Chinese director Chloe Zhao made history at the 93rd Academy Awards on Sunday Apr. 25, becoming the first woman of color to win the Oscar for Best Director.
The 39-year-old is only the second woman to take home the Best Director trophy after Kathryn Bigelow for “The Hurt Locker” in 2010. Zhao’s “Nomadland”,” which follows a woman who travels around America as a modern-day drifter following the 2008 recession, also won Best Picture.
“I’ve been thinking a lot lately of how I keep going when things get hard,” Zhao said in her acceptance speech, adding the Chinese phrase “People at birth are entirely good” has stuck with her.
“This is for anyone who has the faith and courage to hold on to the goodness in themselves and to hold onto the goodness in each other,” she said.
Korean actress Yuh-Jung Youn also made history as the first Korean person to win an acting Oscar, receiving the Best Supporting Actress for her role as a grandmother in “Minari.”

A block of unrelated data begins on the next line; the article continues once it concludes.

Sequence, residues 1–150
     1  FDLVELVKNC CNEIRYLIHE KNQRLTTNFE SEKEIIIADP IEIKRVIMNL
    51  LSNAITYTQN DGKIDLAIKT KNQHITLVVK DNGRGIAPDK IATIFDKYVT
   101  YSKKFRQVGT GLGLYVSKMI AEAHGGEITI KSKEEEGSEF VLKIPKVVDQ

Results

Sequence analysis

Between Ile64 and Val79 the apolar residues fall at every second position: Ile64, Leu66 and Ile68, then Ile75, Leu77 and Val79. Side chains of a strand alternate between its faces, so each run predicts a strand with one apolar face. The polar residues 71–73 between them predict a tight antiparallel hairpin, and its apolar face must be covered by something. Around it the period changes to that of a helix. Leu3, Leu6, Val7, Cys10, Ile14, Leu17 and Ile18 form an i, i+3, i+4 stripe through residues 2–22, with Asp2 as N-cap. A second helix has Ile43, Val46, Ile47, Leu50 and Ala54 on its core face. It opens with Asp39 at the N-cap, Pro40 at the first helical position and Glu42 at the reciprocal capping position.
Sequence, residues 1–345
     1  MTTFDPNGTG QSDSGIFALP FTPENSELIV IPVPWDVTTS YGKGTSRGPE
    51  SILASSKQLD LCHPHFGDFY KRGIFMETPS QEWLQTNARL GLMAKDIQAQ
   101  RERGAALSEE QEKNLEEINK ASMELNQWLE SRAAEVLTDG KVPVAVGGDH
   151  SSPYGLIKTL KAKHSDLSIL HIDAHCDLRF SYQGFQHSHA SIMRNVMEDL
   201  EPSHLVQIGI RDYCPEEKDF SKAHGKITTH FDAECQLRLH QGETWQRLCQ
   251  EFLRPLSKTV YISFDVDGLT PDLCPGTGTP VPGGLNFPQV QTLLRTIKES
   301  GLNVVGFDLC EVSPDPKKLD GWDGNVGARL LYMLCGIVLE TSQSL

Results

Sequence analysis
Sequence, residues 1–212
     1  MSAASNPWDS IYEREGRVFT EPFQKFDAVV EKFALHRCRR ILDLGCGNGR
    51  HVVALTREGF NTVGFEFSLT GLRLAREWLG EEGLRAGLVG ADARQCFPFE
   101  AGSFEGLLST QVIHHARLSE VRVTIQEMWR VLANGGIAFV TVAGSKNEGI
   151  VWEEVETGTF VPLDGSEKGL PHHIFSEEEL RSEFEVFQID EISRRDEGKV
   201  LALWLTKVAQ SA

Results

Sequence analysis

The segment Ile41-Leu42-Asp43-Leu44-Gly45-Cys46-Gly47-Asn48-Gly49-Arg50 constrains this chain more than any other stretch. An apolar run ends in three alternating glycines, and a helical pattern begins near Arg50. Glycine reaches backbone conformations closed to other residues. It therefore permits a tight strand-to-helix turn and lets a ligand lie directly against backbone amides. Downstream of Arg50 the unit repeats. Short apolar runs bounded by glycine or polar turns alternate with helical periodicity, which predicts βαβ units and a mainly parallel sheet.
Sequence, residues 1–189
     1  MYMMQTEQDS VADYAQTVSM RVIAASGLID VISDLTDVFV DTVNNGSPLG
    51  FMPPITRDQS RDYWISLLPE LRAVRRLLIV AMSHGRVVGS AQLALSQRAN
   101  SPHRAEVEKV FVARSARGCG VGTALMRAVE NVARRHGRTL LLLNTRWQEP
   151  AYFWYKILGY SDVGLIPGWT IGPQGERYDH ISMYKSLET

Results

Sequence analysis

She is the second ever Asian woman to win an acting prize at the Oscars; Miyoshi Umeki, a Japanese-born American actress who won best supporting actress in 1958 for “Sayonara.”
“As you know, I’m from Korea. Actually, my name is Yuh-Jung Youn. Most European people call me Yuh Youn and some of them call me Yuh-Jung. But tonight, you are all forgiven,” Youn said.
“Nomadland” actress Frances McDormand won her third Best Actress trophy, while Anthony Hopkins received Best Actor for “The Father”, beating out the late Chadwick Boseman for “Ma Rainey’s Black Bottom”.
Best Supporting Actor went to Daniel Kaluuya for “Judas and the Black Messiah”.
This was the first time people of color were nominated in all four acting categories.